EU parliament member loses immunity over claims he spied for Russia

European ParliamentIn a historic first, the parliament of the European Union (EU) has waived the immunity of one of its elected members over “reasonable suspicions” that he may have spied for Russia. The member of the European Parliament (MEP) is Béla Kovács, 55, who belongs to the far-right Movement for a Better Hungary. Founded in 2003, the party, known as Jobbik (movement, in Hungarian), has called for Hungary to leave the EU and instead join the Eurasian Union, an economic and political alliance led by Russia. In the 2014 parliamentary elections, Jobbik won just over 20% of the popular vote, placing third nationwide. The result was a marked difference from its performance in 2006, when it had barely received 2.2% of the vote share.

The party’s ideological proximity to Moscow, as well as its radical views on minorities and Jews, have added to its notoriety, causing many to denounce it as the EU’s most far-right political grouping. The party’s troubles grew further in September 2014, when the Hungarian public prosecutor officially requested form the European Parliament that it suspends Kovács’ immunity so that the Budapest-born politician, whose father is Russian, could be investigated for alleged ties to Russian intelligence. The EU parliament said it would consider the matter.

Meanwhile, Hungarian media published several allegations about Kovács’ alleged ties to Moscow, which, some reports suggested, date to the late 1970s. Other reports stated that Kovács’ Russian spouse, Svetlana Izstosina had been an agent of the KGB during the Cold War and that she operated as a courier for Moscow. In another bizarre twist, one report suggested that Izstosina was legally married to two other men, one of whom was a nuclear physicist working at the Lomonosov Moscow State University. Some Hungarian newspapers alleged that the government in Budapest was in possession of secret recordings of conversations between Kovács and Russian diplomats, which allegedly took place in the past six years.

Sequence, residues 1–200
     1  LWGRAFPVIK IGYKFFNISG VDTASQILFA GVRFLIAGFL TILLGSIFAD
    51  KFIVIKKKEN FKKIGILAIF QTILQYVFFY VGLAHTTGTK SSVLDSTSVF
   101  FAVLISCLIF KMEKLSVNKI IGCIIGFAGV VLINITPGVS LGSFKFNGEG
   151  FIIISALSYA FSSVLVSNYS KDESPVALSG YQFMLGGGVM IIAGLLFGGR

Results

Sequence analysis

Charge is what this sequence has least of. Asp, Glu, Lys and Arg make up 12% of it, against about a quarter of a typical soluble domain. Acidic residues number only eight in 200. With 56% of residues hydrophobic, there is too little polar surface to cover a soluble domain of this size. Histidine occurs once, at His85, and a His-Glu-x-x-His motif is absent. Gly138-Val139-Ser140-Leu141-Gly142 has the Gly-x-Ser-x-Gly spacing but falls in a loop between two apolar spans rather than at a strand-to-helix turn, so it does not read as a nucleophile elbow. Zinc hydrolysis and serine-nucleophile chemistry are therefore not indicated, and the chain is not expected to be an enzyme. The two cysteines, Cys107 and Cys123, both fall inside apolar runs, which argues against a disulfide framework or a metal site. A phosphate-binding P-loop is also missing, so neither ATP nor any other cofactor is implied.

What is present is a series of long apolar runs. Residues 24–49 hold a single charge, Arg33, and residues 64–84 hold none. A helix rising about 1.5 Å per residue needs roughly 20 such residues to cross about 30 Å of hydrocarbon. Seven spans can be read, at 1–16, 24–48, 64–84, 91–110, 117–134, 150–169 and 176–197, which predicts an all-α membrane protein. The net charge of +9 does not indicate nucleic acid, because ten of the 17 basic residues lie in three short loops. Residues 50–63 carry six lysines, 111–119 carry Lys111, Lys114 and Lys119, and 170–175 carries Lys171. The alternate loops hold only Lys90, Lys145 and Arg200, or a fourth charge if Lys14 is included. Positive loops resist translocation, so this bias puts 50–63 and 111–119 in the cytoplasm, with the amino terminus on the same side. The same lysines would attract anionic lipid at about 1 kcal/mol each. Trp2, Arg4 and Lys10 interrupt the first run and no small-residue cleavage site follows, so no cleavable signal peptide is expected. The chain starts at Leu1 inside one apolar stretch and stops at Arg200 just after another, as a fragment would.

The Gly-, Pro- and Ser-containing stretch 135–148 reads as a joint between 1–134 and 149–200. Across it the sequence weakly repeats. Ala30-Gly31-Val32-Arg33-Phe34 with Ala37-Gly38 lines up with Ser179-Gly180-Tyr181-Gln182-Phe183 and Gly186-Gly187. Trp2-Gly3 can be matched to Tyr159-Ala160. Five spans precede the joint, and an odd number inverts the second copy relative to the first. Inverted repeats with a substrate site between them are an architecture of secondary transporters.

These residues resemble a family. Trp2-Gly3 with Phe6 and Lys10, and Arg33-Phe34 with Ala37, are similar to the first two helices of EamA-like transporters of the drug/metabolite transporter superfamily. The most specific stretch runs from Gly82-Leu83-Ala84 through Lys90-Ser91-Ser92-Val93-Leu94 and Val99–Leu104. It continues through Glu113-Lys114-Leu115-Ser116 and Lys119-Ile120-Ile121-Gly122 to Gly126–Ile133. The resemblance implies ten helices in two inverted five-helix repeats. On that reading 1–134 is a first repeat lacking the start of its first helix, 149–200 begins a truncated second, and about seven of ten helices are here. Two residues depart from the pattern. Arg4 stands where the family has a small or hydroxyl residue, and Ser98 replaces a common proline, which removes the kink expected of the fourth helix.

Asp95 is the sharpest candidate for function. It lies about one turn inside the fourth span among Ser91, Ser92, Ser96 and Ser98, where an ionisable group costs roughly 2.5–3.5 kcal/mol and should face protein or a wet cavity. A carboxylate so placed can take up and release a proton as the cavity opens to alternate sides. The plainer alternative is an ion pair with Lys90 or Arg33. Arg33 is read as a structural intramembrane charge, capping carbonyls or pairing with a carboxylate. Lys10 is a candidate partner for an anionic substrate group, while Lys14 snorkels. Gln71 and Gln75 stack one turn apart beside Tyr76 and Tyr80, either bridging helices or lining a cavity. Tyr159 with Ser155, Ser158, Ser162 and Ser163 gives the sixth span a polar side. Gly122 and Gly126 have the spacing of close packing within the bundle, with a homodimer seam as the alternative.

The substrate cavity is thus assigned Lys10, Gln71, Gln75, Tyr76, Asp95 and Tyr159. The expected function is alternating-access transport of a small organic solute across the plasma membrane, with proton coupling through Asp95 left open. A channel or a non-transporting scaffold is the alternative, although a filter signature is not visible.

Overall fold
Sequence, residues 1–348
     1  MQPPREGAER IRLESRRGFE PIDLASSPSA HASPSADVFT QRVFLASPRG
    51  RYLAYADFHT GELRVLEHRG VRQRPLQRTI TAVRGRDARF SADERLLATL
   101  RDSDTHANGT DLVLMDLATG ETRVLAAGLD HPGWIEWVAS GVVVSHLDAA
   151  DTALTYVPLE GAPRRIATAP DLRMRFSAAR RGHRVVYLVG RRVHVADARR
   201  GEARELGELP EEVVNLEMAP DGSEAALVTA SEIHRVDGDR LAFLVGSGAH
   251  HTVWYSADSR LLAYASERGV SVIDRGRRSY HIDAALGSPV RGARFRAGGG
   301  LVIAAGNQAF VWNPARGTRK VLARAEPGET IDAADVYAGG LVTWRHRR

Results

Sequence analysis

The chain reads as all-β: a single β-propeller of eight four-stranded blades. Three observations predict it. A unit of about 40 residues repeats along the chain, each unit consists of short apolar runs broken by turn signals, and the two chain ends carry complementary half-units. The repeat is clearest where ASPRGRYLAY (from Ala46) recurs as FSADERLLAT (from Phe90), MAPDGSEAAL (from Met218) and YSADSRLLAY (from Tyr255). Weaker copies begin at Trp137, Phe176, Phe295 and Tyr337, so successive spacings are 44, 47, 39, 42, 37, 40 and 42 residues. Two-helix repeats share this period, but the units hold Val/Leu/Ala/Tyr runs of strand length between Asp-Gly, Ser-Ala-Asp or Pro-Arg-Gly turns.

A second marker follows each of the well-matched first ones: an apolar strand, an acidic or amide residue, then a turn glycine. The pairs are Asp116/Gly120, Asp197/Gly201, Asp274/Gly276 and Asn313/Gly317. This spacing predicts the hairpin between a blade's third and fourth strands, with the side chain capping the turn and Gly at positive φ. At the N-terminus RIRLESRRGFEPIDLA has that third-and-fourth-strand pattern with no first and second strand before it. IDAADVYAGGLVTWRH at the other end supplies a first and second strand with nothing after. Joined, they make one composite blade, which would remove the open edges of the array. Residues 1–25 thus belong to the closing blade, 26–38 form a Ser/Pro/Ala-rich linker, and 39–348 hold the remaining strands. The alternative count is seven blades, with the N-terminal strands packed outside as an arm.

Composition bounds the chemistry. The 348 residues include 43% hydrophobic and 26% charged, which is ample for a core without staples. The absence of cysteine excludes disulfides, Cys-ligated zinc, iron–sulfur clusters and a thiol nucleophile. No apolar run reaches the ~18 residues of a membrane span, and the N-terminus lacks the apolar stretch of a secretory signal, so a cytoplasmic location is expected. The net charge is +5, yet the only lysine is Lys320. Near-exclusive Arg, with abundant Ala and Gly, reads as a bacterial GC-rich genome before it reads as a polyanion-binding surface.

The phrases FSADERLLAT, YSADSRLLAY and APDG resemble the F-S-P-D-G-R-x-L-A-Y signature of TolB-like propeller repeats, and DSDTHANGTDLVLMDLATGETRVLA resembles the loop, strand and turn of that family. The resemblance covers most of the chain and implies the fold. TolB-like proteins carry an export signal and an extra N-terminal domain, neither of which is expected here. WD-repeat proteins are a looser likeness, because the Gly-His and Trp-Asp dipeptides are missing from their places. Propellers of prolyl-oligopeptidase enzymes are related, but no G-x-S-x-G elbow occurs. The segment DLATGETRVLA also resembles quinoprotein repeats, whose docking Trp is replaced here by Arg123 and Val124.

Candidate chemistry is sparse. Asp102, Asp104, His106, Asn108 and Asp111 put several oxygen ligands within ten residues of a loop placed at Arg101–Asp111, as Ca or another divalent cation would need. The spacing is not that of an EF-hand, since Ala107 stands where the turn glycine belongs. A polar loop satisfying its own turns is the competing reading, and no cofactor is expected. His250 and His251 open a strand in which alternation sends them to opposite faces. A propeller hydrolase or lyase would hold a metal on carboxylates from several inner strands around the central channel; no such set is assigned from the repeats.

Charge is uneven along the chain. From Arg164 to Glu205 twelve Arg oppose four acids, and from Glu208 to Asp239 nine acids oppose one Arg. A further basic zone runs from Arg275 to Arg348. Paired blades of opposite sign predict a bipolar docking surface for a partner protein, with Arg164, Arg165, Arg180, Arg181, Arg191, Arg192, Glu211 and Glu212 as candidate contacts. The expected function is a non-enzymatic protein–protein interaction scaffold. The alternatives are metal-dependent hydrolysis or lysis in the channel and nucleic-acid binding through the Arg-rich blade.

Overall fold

An EU Parliament spokesperson told Bloomberg last week that the waiver of Kovács’ immunity did “not entail […] a judgment as to [the Hungarian MEP’s] guilt or innocence”. She added that she knew of no other cases where an MEP had been stripped of his immunity over allegations of espionage. If found guilty of spying for Moscow, Kovács could face up to eight years behind bars.

Author: Joseph Fitsanakis | Date: 19 October 2015 | Permalink

European Union targeted by Colombian intelligence, documents show

DAS seal

DAS seal

By JOSEPH FITSANAKIS | intelNews.org |
Several members of the European Parliament have voiced concern over the recent disclosure in Colombia of an alleged operation to undermine the European Union’s parliamentary and human rights bodies. The operation is reportedly mentioned in internal documents belonging to Colombia’s Administrative Department of Security (DAS), which were recently confiscated by the office of the Colombian Attorney General. The confiscated documents describe a clandestine program codenamed Operation EUROPE, which aims to wage a “legal war” intended to discredit and “neutralize the influence of the European judicial system, the European Parliament’s human rights subcommittee, and the office of the United Nations High Commissioner for Human Rights”. Read more of this post

Analysis: An Economic Security Role for European Spy Agencies?

Economic espionage

Economic spying

By JOSEPH FITSANAKIS | intelNews.org |
Last February, Spain’s intelligence service began investigating alleged suspicious efforts by foreign financial speculators to destabilize the Spanish economy. According to newspaper El País, the Spanish government asked the country’s Centro Nacional de Inteligencia (CNI) to probe links between speculative moves in world financial markets and a series of damaging editorials “in the Anglo-Saxon media”. There are indications that the National Intelligence Service of Greece (EYP) is following in the CNI’s footsteps. In February, when Athens and Brussels began to realize the magnitude of the financial crisis threatening the European common currency, several news outlets suggested that the EYP was cooperating with Spanish, Irish and Portuguese intelligence services in investigating a series of coordinated speculative attacks on money markets, most of which allegedly originated from London and Washington. Read more of this post